Milky pool water can be a headache for pool owners, but it doesn’t have to be, as it can be fixed rather easily. The cause of milky water can usually be determined quickly and can be remedied in just a few steps.
Milky pool water is not safe to swim in and can be caused by things such as poor water chemistry, improper filtration, or low sanitation levels. Milky pool water can be cleared up by cleaning your pool surfaces and filter as well as ensuring all chemicals are balanced properly. You should also run your pool filter until the water clears back up.
In this article, we will dive deep into what exactly causes milky water and the exact steps to remedy it and prevent milky water in the future.
Is it Safe to Swim with Milky Pool Water?
Dangers of Cloudy Pool Water
Cloudy pool water not only looks poor in your pool, but it also brings with it potential dangers that need to be addressed immediately. Here’s the issues and dangers of cloudy pool water:
- Dangerous bacterial growth
- Skin and eye irritations
- Safety issues for supervising young children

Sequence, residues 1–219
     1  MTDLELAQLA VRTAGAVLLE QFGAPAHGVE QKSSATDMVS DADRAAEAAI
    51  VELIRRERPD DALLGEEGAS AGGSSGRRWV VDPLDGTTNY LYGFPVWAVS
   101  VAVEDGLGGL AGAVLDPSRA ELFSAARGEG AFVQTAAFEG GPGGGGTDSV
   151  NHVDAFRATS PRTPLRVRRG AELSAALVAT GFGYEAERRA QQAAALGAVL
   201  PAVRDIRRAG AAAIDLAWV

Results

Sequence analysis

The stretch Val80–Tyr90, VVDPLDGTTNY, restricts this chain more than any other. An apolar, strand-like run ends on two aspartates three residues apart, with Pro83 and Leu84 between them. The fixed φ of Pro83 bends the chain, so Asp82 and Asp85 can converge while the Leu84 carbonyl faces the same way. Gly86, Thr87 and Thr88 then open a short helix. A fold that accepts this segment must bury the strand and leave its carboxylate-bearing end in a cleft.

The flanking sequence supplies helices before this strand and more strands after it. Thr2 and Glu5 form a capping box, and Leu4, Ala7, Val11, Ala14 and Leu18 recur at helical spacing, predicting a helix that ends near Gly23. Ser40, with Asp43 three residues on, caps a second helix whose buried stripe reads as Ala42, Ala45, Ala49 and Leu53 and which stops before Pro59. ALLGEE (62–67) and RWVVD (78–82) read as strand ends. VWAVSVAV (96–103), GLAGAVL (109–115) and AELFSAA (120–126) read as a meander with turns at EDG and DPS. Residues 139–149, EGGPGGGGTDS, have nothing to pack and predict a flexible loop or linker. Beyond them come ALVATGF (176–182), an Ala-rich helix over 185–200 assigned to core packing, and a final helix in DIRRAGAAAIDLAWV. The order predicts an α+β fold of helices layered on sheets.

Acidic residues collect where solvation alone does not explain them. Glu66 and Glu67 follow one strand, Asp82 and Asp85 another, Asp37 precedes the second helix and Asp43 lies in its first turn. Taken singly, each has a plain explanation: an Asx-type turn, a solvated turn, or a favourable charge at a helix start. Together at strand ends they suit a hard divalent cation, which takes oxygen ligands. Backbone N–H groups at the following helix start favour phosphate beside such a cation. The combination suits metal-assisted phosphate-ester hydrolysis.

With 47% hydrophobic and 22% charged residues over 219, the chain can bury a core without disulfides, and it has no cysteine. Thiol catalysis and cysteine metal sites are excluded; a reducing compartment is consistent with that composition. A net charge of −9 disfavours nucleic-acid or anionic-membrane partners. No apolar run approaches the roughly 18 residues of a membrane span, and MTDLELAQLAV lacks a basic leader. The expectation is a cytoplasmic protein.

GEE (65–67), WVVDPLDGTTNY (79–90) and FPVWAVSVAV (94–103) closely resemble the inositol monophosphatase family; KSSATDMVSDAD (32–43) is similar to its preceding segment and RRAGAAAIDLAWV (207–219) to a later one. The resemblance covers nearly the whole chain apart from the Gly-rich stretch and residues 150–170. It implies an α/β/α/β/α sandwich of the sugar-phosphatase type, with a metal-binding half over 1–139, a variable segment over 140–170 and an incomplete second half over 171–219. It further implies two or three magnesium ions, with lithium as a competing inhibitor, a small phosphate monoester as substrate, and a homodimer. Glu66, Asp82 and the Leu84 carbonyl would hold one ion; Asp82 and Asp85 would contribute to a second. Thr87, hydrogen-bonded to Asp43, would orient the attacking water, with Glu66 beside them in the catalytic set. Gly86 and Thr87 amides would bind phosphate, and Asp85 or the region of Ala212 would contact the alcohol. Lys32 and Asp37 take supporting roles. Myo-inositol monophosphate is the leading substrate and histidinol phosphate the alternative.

Cloudy pool water can indicate that your chemical levels are not where they need to be. Imbalanced chemical levels such as low pH or chlorine can lead to cloudy water and become dangerous.
Improper chemical levels make your pool unsafe to swim in. It is recommended to keep chlorine levels between 1.0-3.0 ppm, anything lower is not safe for swimming.
If your chlorine levels are low, your pool won’t be properly sanitized. This means the potential to have bacteria in the water you are swimming in, which can make you sick.
Along with possible bacteria issues, cloudy water is a safety issue. If your water gets too cloudy, you might not be able to see swimmers, especially children, while they are in the pool. This obviously makes it difficult to properly supervise children. For this reason, it is recommended to not swim in a pool when you cannot see the bottom.